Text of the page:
Unit10_Digital_Com_Part2 - Unit 10 Digital...

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Unit 10 Digital Communications (Part 2) Digital Communications (Part 2) 10-1
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Unit 10: Outline 10.1 Communication Channels 10.2 Baseband Transmission 10.3 Bandpass Modulation and Demodulation Digital Communications (Part 2) 10-2
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Unit 10.1 Communication Channels Digital Communications (Part 2) 10-3
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Ideal Channel An ideal channel is a system that its output signal is exactly the same as its input signal. No loss of information in the transmission. Input Signal Ideal Channel Output Signal s(t) r(t) r(t) = s(t) Digital Communications (Part 2) 10-4
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Transmission Impairment In reality, no channel is ideal. Signal received is not exactly the same as signal transmitted. Impairment is mainly caused by Distortion Attenuation Noise Digital Communications (Part 2) 10-5
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Band-Limited Channels In reality, a channel can only accommodate a limited band of frequencies because of the physical properties of a medium. In practice, all channels are band-limited . For a band-limited channel, there is a highest acceptable frequency f H and a lowest acceptable frequency f L of the channel. The frequency components of a signal within the range [f L , f H ] can pass through the channel. Digital Communications (Part 2) 10-6
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Lowpass and Bandpass Channels If f L is 0 Hz or close to 0 Hz, a channel is called baseband / lowpass . If f L is much larger than 0 Hz, a channel is called bandpass . Digital Communications (Part 2) 10-7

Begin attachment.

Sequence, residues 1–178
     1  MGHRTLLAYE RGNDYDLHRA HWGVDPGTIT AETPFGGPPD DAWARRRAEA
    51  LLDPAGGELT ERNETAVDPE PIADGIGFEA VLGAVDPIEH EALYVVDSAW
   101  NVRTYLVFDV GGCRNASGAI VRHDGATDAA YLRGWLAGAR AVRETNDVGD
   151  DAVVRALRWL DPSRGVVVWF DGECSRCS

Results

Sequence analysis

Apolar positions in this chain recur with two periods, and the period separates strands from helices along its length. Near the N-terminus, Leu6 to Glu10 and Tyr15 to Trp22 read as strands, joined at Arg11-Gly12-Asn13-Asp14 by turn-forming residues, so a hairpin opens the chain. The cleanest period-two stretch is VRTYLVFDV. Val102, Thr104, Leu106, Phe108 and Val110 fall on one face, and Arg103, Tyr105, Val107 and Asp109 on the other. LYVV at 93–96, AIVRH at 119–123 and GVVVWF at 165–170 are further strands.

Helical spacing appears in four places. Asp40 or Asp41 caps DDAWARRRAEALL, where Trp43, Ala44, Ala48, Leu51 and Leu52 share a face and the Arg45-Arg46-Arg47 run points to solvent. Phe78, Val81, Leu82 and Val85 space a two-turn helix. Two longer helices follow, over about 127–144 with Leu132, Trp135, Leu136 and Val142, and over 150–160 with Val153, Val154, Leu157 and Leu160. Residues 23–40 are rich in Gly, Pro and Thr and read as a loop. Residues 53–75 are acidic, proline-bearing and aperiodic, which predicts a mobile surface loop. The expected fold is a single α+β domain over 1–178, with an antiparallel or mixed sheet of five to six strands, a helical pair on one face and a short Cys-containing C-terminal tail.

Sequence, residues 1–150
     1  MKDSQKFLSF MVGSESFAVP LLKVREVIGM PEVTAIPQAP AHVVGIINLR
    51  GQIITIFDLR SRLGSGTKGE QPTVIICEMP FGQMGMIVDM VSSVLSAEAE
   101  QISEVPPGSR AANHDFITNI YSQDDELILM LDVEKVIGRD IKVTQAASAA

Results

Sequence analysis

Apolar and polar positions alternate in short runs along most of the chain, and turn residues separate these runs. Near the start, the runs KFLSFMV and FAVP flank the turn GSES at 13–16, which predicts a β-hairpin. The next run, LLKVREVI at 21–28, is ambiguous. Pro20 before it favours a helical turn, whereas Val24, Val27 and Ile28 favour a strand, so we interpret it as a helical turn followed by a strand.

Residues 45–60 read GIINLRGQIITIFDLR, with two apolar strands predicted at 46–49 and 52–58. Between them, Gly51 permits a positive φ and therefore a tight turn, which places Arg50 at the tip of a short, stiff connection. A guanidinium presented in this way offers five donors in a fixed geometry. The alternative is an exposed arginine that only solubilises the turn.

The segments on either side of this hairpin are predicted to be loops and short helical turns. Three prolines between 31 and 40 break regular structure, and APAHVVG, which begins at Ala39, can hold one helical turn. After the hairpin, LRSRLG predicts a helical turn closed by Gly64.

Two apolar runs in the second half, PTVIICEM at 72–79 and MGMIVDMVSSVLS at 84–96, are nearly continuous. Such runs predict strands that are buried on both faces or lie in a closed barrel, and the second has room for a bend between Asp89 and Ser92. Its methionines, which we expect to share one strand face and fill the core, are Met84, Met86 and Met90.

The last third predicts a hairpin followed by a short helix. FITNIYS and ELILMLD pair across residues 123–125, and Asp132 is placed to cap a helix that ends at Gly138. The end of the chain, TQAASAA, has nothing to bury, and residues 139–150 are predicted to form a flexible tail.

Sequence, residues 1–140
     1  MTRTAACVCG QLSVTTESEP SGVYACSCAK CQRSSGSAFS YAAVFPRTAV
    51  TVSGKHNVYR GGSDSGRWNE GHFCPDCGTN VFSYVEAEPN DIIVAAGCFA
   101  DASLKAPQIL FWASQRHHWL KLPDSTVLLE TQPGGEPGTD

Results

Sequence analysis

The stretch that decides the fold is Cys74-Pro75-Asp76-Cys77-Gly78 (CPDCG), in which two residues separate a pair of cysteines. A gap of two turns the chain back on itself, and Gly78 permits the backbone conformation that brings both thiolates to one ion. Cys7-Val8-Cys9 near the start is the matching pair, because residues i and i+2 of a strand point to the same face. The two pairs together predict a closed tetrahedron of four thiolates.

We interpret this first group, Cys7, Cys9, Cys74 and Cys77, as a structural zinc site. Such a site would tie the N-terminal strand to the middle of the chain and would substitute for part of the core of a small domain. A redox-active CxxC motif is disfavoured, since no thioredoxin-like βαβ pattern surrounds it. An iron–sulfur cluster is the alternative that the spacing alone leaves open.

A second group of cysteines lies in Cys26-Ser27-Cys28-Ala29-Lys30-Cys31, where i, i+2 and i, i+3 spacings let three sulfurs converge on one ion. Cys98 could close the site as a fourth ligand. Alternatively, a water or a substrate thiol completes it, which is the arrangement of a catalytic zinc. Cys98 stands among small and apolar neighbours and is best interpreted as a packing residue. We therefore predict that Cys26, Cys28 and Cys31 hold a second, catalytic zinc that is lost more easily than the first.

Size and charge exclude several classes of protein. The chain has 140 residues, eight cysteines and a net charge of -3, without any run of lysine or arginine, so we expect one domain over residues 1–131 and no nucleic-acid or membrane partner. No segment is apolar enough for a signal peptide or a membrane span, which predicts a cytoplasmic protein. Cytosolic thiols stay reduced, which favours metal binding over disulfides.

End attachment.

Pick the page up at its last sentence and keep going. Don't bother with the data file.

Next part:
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Channel Bandwidth The bandwidth of a channel is defined as W = f H – f L Digital Communications (Part 2) 10-8
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Binary Signal and Bit Rate Suppose we use two distinct voltages to represent 0 and 1. The bit duration (in sec.) is denoted byT b . The bit rate, R b , is defined as the number of bits carried by a signal in one second. We have R b = 1/T b . Rectangular Pulses Digital Communications (Part 2) 10-9
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Signal Bandwidth The frequency spectrum of a random binary signal is a continuous function of frequency. The signal bandwidth is inversely proportional to T b . Digital Communications (Part 2) 10-10
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Distortion For bandlimited (baseband) channels, the output r(t) is always a distorted version of s(t). If a binary signal is seriously distorted, the data carried by the binary signal cannot be fully recovered . The larger the channel bandwidth, the higher the bit rate can be supported , as major frequency components of s(t) can be kept. Channel with bandwidth W s(t) r(t) Binary signal Digital Communications (Part 2) 10-11
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Example Larger channel bandwidth, the spreading of the pulse will be slight. But it is wasteful if you provide more bandwidth than what is needed! Digital Communications (Part 2) 10-12
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Inter-Symbol Interference (ISI) When W is close to signal bandwidth, the spreading of the pulse will exceed a symbol duration and cause signal pulses to overlap, resulting in ISI.
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